Henderson-Hasselbalch Equation Calculator

Estimates the pH of a buffer solution when the Ka numerical value of the acid dissociation constant is known.

Refer to the text below the calculator for more information about the Henderson-Hasselbalch equation.


This equation was originally derived in 1908 by Lawrence Joseph Henderson and subsequently, in 1917, Karl Albert Hasselbalch re-expressed the formula in logarithmic terms.

It’s purpose is to help calculate the pH of a solution containing the acid and one of its salts, that is, of a buffer solution.


The Henderson-Hasselbalch equation is derived from the definition of the acid dissociation constant:

pH = pKa + log10([A−] / [HA])

Where: pKa = - log10 (Ka)

When the concentrations of the acid and the conjugate base are the same, i.e, when the acid is 50% dissociated, the pH of the solution is equal to the pKa of the acid.

The Henderson-Hasselbalch equation is an approximation, with a certain region of validity. Remember that it does not take into account the self-dissociation of water, which becomes increasingly important in dilute solutions.


Acid dissociation contant (Ka)
Concentration of base [A]
Concentration of acid [HA]
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About the Henderson-Hasselbalch equation

A simple buffer solution, that in 1908 Lawrence Joseph Henderson created an equation to determine the pH of, consists of a solution of an acid and a salt of the conjugate base of the acid.

One common example would be a buffer solution where the acid may be acetic acid and the salt may be sodium acetate.

The Henderson-Hasselbalch equation is derived from the definition of the acid dissociation constant and relates the pH of a solution containing a mixture of the two components to the acid dissociation constant, Ka, and the concentrations of the two components.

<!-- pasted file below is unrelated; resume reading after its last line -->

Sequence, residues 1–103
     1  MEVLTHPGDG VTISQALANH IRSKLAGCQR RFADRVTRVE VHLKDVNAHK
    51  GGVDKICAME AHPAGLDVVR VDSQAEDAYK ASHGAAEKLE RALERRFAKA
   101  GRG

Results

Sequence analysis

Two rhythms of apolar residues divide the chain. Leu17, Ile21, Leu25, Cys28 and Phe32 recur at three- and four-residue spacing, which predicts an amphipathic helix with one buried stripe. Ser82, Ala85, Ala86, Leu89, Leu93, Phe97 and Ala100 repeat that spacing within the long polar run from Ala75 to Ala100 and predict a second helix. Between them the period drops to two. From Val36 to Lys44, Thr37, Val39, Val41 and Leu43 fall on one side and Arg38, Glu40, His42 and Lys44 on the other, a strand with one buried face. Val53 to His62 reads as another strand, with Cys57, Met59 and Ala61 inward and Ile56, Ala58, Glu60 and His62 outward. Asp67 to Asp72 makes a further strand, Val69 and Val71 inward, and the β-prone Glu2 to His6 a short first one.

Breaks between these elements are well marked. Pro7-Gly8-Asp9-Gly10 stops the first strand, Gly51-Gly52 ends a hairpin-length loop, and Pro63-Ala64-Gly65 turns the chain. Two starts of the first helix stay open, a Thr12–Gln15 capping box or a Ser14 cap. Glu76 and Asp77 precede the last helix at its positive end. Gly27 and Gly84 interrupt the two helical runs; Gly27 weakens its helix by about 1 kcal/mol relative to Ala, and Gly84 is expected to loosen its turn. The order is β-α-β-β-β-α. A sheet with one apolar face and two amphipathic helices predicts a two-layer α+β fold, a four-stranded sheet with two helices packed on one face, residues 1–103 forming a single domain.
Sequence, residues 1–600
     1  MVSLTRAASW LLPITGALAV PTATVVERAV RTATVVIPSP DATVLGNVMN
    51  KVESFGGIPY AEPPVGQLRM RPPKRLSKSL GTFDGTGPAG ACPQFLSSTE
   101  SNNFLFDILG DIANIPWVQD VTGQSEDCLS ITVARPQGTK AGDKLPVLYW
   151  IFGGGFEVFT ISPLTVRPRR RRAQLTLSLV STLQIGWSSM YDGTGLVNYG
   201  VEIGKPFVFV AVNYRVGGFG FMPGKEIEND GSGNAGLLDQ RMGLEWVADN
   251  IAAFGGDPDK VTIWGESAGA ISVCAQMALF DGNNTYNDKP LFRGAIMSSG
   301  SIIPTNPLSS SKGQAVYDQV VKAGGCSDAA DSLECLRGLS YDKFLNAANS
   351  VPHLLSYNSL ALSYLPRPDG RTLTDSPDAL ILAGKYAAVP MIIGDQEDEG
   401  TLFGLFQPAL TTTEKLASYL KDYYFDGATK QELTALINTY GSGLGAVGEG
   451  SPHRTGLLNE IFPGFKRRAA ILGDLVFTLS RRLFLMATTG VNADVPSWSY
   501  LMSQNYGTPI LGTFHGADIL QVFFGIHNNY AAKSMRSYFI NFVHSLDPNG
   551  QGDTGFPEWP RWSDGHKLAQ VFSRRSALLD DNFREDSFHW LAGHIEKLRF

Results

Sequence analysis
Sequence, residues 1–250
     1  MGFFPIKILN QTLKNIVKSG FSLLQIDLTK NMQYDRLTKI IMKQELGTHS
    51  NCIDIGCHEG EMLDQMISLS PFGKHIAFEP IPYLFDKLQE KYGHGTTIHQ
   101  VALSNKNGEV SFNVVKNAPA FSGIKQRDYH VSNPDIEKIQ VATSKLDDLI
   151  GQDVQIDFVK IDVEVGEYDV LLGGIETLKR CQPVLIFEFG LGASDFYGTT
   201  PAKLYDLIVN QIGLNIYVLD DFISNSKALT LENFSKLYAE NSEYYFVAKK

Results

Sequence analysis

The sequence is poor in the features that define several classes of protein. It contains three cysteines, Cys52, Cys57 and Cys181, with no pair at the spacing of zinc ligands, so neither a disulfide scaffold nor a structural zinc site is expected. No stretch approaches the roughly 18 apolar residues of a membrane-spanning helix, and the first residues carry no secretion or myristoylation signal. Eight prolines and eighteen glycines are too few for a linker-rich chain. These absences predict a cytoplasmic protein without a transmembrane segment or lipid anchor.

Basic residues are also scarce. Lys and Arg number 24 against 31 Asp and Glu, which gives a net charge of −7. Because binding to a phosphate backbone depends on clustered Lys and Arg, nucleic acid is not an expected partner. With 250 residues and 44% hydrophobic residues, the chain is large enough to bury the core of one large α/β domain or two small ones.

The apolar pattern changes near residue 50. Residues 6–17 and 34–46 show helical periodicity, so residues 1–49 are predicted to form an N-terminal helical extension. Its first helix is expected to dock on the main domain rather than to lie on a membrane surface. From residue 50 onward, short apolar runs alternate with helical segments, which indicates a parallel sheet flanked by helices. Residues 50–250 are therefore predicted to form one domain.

pH = pKa + log10([A−] / [HA])

Where: pKa = - log10 (Ka)

When the concentrations of the acid and the conjugate base are the same, i.e, when the acid is 50% dissociated, the pH of the solution is equal to the pKa of the acid.

The Henderson-Hasselbalch equation is an approximation, with a certain region of validity.

There are also some assumptions to be made:

  • It does not take into account the self-dissociation of water, which becomes increasingly important in dilute solutions. This assumption is not valid with pH values more than about 10. For such instances the mass-balance equation for hydrogen must be extended to take account of the self-ionization of water.
  • The acid is monobasic and dissociates according to the equation: HA = H+ + A- where H+ stands for hydrated hydronium ion.
  • The salt MA is completely dissociated in solution.
 

Reference

Henderson LJ. Concerning the relationship between the strength of acids and their capacity to preserve neutrality. Am. J. Physiol. 1908;21 (2): 173–179.


Specialty: Miscellaneous

No. Of Variables: 3

Article By: Denise Nedea

Published On: May 4, 2020

Last Checked: May 4, 2020

Next Review: May 4, 2025